Grandmother plans to sue Opp schools
Published 12:00 am Thursday, June 27, 2013
An Opp grandmother is calling for administrative action against an assistant principal/coach after she says he failed to follow school procedures when her grandson was assaulted in May.
Janice Brannon addressed the Opp City School Board Thursday about her concerns, and later confirmed to The Star-News that she plans to sue the school board because of the way the incident was handled.
Brannon said the incident occurred on May 3 between two juniors at Opp High School. The fight was broken up by OHS assistant principal Jimmy Reeves, who later called Brannon to come pick up her grandson. Brannon said the other boy “punched, stomped and kicked” her grandson and inflicted serious injuries that required medical attention. Brannon said she then filed a report of the assault with the Opp Police Department – an action that should have been handled by the school system. Since then, the case has been adjudicated through juvenile court. The aggressor was punished through the court system.
Brannon claims the incident “has just been swept under the rug,” and that Reeves failed to notify his superiors – a violation of school policy.
“I feel that y’all just don’t care,” Brannon said to school board members with tears streaming down her face. “As a parent, I want justice for my grandson. I feel that (the board’s actions) are racially motivated. My grandson is not safe at that school. One inch more and my grandson wouldn’t be here today.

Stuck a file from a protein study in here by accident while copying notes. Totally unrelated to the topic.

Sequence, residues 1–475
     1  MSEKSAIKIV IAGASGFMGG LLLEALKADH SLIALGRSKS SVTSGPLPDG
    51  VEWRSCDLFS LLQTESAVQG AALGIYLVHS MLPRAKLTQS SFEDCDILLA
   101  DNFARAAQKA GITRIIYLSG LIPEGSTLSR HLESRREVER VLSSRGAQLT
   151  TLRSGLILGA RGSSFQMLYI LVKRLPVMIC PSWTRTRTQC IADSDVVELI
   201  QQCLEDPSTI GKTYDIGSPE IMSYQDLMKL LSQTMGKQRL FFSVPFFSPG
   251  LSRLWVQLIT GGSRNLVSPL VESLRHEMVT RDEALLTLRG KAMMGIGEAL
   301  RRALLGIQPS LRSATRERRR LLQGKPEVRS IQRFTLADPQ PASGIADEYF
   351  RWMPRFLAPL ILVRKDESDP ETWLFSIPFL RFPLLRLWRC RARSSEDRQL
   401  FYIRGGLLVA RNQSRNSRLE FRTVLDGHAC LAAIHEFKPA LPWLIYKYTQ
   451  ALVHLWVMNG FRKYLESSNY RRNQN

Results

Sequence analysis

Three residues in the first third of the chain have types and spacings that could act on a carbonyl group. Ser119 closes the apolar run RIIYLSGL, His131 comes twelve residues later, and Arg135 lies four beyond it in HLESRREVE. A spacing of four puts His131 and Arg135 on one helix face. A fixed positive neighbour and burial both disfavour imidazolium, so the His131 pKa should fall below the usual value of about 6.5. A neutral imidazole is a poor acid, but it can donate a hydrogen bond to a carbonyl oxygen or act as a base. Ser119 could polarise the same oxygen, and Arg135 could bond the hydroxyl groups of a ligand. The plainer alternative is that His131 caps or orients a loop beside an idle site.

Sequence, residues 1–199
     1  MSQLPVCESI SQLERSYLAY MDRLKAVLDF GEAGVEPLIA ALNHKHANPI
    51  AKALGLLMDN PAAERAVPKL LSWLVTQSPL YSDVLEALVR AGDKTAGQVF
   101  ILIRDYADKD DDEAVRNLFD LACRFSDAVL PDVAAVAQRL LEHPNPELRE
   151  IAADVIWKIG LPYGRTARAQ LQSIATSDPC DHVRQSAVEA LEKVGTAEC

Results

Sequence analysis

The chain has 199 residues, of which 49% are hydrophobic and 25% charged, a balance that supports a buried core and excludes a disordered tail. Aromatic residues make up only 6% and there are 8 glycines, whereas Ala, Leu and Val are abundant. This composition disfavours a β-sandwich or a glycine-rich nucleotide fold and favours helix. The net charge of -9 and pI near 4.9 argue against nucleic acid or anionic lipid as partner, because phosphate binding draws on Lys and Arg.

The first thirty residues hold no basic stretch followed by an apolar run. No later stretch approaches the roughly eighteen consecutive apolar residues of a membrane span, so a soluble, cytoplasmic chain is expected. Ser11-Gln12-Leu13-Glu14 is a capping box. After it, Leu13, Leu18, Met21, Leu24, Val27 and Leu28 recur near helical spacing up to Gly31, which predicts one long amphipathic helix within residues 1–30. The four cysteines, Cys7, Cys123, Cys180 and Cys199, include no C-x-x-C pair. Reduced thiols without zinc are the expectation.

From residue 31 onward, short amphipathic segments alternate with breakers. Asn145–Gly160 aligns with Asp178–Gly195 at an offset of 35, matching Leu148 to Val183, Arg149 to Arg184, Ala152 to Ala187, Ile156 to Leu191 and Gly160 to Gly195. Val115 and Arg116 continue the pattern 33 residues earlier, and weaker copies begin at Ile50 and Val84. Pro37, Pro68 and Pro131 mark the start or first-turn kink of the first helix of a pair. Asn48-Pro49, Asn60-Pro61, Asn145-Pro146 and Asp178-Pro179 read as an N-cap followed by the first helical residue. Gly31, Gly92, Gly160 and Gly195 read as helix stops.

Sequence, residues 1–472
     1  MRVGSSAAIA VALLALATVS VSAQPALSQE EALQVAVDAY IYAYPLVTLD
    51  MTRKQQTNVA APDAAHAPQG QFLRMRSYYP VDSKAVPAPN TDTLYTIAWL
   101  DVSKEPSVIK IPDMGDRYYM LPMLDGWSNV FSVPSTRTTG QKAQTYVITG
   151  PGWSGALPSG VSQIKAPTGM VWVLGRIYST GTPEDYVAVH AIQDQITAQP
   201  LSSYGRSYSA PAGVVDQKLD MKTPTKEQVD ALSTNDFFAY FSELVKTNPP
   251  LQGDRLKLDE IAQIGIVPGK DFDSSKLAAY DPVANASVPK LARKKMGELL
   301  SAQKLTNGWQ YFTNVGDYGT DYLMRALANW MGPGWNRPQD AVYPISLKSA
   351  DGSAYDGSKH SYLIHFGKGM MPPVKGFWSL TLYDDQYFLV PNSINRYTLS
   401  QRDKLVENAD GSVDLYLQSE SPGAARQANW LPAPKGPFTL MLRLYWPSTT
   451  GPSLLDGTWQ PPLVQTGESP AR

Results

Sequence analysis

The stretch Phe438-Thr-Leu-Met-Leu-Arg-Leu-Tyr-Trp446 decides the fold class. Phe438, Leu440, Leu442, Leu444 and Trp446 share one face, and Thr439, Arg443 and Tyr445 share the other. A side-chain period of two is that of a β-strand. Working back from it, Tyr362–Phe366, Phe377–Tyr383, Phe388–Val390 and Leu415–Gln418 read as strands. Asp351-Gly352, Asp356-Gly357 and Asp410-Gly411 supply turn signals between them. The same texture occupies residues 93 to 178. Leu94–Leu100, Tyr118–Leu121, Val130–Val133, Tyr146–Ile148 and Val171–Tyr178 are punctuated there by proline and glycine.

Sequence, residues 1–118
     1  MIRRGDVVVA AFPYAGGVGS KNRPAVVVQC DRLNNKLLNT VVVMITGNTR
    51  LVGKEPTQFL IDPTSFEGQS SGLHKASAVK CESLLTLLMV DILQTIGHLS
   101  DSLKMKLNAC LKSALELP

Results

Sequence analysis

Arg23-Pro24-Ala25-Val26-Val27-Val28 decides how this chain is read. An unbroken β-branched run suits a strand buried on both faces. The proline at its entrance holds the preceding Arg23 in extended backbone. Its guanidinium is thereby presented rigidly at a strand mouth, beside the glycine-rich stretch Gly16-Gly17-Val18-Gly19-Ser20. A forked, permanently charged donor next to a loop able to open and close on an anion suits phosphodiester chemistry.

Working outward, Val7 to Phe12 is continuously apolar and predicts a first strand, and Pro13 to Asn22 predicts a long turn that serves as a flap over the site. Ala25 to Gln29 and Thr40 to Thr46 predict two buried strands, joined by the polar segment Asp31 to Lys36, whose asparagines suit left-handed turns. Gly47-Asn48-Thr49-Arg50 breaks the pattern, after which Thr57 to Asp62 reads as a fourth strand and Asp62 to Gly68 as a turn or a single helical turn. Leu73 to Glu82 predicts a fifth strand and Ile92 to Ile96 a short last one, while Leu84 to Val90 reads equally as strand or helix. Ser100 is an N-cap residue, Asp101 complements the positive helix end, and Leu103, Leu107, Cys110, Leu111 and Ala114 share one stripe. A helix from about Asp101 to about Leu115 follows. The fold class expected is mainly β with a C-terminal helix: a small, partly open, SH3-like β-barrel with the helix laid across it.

“Your staff didn’t follow the proper procedure,” she said. “You didn’t do what you were supposed to do, and that’s the bottom line.”
OCS superintendent Michael Smithart said he notified the authorities, including the Department of Youth Services, as soon as he found out about the incident; however, Opp Police Chief Mike McDonald confirmed Wednesday that Brannon was the first to notify his department of the assault.
“This was an unfortunate incident,” Smithart said. “But your version of the truth takes a significant diversion to ours. I can provide the board with a written statement from (McDonald) and from the department of youth services that I contacted them on May 6.
“To say this was ‘swept under the rug’ is a mistake,” he said. “The incident has been dealt with. I resent the fact that you say we swept it under the rug. It’s been adjudicated through juvenile court.”
And Brannon didn’t dispute that, she said. After the board meeting, she told The Star-News that the boy who attacked her grandson was suspended and given 45 days of alternative school. Brannon’s grandson was not disciplined.
School board member Walter Burgess said, “If it were my child, I’d feel the same way. It was an unfortunate incident, but the boy that did it was punished on every level possible. The whole list. Your grandson was not. Administrators try their best to handle it and take those steps to manage it. We didn’t wipe it away, but they’re trying to handle it.”
School policy classifies fighting as a “class III violation, which constitute a violation of criminal laws established by local, state and federal authorities, and must be reported to the appropriate authorities.”
And that’s Brannon’s complaint – that she reported the incident to law enforcement, not the school board. As a result, she plans to file suit asking that Reeves face administrative action for not following school policy.
In other business, the board hired Josh Kyser as horticulture teacher at the high school; Lynn Freeney as special education teacher, and Karlotta Burgess as a school nurse.